Why Gift Cards Have Expiry Dates

Recently I saw a tweet from a comedian that I otherwise respect, asking why gift cards have expiry dates.

I have an answer and a response.

Why gift cards have expiry dates.

First, ‘fuck the corporations’ is so in right now; let us do away with that emotion and imagine you own a corner store. You live above it and struggle to make ends meet. You own several double-ended candles that you made yourself distilling midnight oil. And you re-use them. The last ten years have worn you down and you now look like those before/after photos of meth addicts (fucking hell, Heather!).

To quell the tide of imminent and catastrophic failure (words!), you decide to offer gift cards. I like it.

Now, I walk into your shop, give you $50, and you give me a $50 gift card.

You now have a $50 debt to me. If a bank was to value your business today, it would be worth everything it’s otherwise worth (including the $50 I gave you for the gift voucher), minus $50 for the debt.

Nothing wrong with that, really.

Let’s say you sell a thousand of these things. You’re now in debt for some serious coin but hooray, people start cashing in their gift cards. That’s product off the shelves and debt of the balance sheet (no cash in the drawer mind you). But alas, they often leave a remainder, so there’s a bunch of $10.05 debts outstanding (damn you $39.95 festive coffee mug set!). The gift cards go in the owners’ second drawer down next to their bed with the spare buttons, box of tissues and the second key to the 1986 commodore they sold when they were 23 and are forgotten about forever.

Now you, lowly shop owner, have a debt of some amount and you have no way of paying it back. Having debt that’s impossible to pay back is an insanely bad idea, right? (Question as a statement.) You go to the bank, you want a loan to extend your shop with a brothel that does ‘extra sick shit’. The bank turns you down because you have so much debt on your balance sheet that cannot be paid. Because in the worst case, all those gift cards could be cashed in tomorrow (or even worse: later today!). And it’s the worst case that the bank is interested in.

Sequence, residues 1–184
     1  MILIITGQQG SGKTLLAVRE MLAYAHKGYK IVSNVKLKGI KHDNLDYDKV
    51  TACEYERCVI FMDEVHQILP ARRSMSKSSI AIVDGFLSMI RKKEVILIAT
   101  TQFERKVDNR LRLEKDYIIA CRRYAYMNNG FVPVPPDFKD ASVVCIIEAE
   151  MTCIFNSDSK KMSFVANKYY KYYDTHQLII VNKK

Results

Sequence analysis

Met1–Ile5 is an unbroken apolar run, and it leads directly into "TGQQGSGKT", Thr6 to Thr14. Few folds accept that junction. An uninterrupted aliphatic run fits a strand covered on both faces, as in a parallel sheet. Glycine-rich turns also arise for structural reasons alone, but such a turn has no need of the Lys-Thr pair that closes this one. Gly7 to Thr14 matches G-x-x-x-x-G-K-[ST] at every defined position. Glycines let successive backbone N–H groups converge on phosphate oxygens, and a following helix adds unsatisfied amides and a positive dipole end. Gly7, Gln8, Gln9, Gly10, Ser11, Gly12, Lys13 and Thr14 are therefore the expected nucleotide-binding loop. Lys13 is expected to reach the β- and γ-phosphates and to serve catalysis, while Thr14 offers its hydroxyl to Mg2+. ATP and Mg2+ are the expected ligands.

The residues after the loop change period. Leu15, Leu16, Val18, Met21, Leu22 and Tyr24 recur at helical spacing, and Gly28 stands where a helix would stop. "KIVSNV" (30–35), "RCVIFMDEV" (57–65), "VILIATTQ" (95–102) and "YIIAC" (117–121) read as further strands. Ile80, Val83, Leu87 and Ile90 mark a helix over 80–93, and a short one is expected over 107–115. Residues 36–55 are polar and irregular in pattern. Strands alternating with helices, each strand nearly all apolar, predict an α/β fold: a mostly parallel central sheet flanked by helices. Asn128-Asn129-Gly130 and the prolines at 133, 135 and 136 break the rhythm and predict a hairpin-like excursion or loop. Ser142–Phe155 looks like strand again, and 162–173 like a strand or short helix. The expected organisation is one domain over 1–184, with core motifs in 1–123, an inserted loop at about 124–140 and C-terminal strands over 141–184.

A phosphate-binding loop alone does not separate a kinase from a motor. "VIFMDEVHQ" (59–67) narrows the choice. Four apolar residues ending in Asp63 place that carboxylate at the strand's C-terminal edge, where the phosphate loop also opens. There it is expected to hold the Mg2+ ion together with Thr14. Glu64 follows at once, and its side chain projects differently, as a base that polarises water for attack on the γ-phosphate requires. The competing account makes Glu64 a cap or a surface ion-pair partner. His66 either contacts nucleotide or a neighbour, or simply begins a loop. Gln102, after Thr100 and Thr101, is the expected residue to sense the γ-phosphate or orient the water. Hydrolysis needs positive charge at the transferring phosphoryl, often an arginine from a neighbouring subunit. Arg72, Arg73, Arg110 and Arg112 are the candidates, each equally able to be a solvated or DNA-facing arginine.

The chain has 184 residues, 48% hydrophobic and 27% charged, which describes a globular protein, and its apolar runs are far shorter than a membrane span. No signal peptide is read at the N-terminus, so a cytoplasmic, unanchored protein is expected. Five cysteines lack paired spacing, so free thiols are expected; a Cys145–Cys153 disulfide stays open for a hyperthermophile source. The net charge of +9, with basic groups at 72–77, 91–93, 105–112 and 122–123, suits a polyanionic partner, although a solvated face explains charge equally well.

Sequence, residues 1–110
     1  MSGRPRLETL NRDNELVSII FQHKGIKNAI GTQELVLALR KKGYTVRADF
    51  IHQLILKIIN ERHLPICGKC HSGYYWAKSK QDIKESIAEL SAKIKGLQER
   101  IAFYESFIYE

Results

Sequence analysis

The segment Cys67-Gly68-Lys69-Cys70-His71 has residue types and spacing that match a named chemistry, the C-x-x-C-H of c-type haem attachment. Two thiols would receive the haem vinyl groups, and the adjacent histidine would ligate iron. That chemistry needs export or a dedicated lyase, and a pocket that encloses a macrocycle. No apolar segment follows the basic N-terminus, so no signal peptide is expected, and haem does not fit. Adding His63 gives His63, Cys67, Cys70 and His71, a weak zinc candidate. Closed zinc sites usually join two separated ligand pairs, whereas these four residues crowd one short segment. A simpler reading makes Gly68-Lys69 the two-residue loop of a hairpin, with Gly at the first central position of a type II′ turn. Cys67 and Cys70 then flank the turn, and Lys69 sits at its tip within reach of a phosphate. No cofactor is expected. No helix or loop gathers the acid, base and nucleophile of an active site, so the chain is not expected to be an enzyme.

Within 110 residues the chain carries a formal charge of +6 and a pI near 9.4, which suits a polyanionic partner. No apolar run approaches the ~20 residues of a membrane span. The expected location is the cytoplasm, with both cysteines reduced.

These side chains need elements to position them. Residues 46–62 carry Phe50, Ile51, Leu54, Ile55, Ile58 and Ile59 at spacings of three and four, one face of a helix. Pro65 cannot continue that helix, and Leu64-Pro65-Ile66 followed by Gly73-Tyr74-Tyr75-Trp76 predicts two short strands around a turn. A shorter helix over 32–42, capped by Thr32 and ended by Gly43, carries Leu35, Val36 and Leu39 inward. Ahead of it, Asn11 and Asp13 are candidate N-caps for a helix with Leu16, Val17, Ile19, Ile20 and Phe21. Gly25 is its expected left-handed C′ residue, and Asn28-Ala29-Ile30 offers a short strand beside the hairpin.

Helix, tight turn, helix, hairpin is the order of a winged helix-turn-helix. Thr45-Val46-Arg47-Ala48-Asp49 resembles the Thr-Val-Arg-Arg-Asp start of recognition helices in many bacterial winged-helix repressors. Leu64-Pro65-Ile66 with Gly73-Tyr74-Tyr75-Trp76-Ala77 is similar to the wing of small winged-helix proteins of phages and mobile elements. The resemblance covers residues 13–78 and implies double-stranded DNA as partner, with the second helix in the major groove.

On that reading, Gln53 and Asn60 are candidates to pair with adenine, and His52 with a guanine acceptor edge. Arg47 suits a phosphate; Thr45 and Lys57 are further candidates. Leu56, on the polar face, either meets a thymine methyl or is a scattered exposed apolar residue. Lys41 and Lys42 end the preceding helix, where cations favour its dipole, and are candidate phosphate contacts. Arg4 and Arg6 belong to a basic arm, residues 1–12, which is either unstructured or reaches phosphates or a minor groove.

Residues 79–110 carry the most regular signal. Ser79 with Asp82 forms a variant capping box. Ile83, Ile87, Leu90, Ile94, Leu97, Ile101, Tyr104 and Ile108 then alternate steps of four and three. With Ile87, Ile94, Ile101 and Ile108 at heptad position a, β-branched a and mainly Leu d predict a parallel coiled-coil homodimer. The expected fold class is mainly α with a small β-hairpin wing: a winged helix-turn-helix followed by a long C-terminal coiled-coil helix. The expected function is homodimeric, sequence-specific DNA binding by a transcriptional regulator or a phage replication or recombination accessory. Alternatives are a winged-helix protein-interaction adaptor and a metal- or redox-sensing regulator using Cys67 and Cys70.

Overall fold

So your bank turns you down, your wife leaves you (you’re lesbian or male in this story) and you’re fucked, and not in the good asphyxiation way.

Belatedly, you start adding one year expiry dates to your gift cards. That’s reasonable, right? A whole year? There’s still cash flow implications, ideally gift card cash should be held in a separate account to offset the gift card debt, but you’re headed in the right direction.

Congratulations.

Naturally your customers will accuse you of being greedy, but their words won’t hurt you. You’ve had enough. You barely have the emotional strength to get out of bed each morning. You long for the day that sweet sweet death will take you away from all of this.

That’s my answer, now a response.

Questions as statements.

If you’ve got a great question, a disruptive question, something that makes people think, that will instigate a healthy debate (but let’s face it, probably not actual change) then ask away like it’s a statement. I’m all for it.

Why don’t pedestrian crossing lights have an orange? Why do they call them ‘pairs’ of underpants? Why don’t petrol stations have vending machines that I can pay for with credit card at the same time I’m filling up with petrol? And why oh why don’t ATMs have a flat spot and a hook for me to put my coffee and hang my shopping bags? *

These are all legitimate questions.

Problem is, if the answer is obvious to 40% of people, 60% of people will say “Yeah! You tell ’em” with much gusto and the remainder will switch off.

So questions as statements, or worse, questions as accusations are a dangerous game.


* I could have added “Why do water bottles have expiry dates?” But there is an answer and it’s interesting. The clue is in the question. The water bottle has an expiry date. After that date, the plastic will start leeching poisonous deadly chemicals into your water and you will die.

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